With a lanky, 6-foot-7 frame and a cross-fire delivery that baffles hitters trying to pick up the ball, Jered Weaver exudes deception. But can Weaver, coming off a 20-win season, keep tricking batters as he enters his thirties and becomes one of the game’s softest tossers? Fangraphs’ Paul Swydan isn’t so sure (ESPN Insider subscription required):
“Over the past couple of years his velocity—as well as his strikeout and swinging-strike rates—has declined…With his 20s behind him, Weaver is unlikely to see these trends suddenly reverse themselves, and he will become even more reliant on his control and defense.”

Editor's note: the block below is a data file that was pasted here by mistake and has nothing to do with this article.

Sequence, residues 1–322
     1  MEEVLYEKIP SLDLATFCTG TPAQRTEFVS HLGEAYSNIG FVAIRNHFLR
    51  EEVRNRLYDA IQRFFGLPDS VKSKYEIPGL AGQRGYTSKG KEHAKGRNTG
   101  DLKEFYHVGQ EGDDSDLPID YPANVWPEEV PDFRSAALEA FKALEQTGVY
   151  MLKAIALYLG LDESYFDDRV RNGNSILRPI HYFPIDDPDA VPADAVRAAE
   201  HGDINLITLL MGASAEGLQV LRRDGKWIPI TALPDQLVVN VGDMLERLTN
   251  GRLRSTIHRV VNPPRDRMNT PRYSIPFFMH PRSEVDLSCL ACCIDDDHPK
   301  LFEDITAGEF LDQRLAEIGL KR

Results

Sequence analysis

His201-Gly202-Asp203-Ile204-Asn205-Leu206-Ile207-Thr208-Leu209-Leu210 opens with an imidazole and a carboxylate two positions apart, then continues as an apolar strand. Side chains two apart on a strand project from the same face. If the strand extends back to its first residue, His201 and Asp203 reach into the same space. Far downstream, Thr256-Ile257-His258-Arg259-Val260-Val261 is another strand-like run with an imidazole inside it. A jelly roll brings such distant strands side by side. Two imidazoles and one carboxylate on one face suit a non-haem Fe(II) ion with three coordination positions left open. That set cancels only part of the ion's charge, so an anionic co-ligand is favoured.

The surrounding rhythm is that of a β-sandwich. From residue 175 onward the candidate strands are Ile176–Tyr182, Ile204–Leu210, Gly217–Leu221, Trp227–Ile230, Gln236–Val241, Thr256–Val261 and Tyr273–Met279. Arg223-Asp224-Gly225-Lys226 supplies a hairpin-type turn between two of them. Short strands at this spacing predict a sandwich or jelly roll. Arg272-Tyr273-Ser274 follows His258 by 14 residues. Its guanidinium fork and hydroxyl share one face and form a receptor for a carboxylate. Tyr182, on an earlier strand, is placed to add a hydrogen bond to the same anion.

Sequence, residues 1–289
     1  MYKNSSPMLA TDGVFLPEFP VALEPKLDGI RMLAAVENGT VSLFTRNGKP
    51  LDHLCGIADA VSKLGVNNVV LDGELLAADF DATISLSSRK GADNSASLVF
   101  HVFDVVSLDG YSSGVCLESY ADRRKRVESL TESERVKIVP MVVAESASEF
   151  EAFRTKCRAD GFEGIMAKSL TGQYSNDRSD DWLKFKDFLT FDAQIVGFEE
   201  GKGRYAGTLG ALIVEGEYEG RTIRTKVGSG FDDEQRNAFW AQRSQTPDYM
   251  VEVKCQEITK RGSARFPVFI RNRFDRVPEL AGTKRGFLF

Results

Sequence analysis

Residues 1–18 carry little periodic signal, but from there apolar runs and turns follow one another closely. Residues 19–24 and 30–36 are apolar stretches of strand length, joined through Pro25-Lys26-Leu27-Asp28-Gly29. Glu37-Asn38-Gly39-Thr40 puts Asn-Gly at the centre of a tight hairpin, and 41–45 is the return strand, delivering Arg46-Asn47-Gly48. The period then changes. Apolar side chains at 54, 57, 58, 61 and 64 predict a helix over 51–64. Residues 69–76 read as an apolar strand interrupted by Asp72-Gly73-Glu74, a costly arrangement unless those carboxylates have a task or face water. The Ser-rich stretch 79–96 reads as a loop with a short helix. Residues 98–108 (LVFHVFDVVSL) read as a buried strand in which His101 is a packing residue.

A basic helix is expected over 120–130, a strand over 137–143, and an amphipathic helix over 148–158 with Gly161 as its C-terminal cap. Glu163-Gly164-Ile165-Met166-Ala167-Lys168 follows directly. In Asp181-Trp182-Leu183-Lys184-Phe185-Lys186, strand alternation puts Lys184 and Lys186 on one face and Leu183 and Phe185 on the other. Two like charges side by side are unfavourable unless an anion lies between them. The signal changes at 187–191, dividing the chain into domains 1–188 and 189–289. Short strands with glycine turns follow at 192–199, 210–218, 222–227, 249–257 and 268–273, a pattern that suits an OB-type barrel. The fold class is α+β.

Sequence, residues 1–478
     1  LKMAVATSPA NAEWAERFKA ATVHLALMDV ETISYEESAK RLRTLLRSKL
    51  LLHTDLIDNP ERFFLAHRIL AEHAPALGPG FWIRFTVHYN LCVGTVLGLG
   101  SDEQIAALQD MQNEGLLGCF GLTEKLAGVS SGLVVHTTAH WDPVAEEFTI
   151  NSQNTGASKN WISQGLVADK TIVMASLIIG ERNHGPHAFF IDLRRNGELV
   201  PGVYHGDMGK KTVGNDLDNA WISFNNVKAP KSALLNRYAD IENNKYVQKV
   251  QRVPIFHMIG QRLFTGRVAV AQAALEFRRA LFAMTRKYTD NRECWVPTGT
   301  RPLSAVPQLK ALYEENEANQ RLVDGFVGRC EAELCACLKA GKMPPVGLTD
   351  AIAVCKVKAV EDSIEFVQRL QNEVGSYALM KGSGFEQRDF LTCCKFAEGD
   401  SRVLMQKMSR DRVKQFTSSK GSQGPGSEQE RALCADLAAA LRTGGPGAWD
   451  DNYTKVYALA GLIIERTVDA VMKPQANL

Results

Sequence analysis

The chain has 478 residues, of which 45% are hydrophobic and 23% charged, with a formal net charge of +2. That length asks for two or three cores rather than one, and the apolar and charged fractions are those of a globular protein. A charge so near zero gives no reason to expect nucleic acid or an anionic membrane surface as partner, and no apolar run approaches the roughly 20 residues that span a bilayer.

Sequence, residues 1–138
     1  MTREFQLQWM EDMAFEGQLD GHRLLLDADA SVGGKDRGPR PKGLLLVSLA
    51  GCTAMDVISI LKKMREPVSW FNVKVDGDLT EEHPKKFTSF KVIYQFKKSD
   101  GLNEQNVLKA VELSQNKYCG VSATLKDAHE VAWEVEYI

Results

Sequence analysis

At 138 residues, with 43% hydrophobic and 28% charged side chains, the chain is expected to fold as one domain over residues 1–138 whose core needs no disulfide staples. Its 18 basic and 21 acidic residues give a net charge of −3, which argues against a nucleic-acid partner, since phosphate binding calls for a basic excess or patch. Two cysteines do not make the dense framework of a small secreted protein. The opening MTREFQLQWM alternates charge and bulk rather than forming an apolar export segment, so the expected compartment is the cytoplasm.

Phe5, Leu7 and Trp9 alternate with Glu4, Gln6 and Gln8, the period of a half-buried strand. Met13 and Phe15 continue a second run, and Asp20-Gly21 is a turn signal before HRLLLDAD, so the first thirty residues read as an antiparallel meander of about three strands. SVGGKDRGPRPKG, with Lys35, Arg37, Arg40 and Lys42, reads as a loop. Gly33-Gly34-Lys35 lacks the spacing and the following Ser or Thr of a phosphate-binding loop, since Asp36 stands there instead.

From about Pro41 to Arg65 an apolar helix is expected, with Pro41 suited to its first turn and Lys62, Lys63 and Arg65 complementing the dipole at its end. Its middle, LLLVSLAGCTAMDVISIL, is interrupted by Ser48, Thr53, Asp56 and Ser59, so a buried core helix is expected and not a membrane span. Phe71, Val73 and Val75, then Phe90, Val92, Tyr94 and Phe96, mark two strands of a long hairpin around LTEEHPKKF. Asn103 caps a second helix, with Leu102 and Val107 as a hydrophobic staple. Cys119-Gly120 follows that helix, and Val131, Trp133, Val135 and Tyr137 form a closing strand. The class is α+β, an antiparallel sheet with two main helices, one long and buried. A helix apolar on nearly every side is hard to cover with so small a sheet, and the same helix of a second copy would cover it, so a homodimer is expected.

Weaver struck out a career-best 25.7% of batters faced in 2010. Since then, his punchout rate his nosedived to 21.4% in 2011 and 19.2% this past season. On a related note, Weaver’s fastball velocity has declined three years running: 89.9 MPH in ‘10, 89.1 MPH in ‘11, and just 87.7 MPH in 2012.
Weaver’s fastball beat out just R.A. Dickey’s and Bronson Arroyo’s in velocity among right-handed starting pitchers last year. Yet, the pitch has defied logic by remaining highly effective despite a gargantuan dip in swings and misses. Let’s take a closer look at Weaver’s not-so-fast fastball, and what that velocity loss could mean for him in 2013.
...Weaver’s lack of zip is concerning. Most pitchers who sit in his new, low-octane velocity range get pummeled. But if ever there were a case where a guy could Houdini his way to another 20 wins, it’s Jered Weaver in 2013.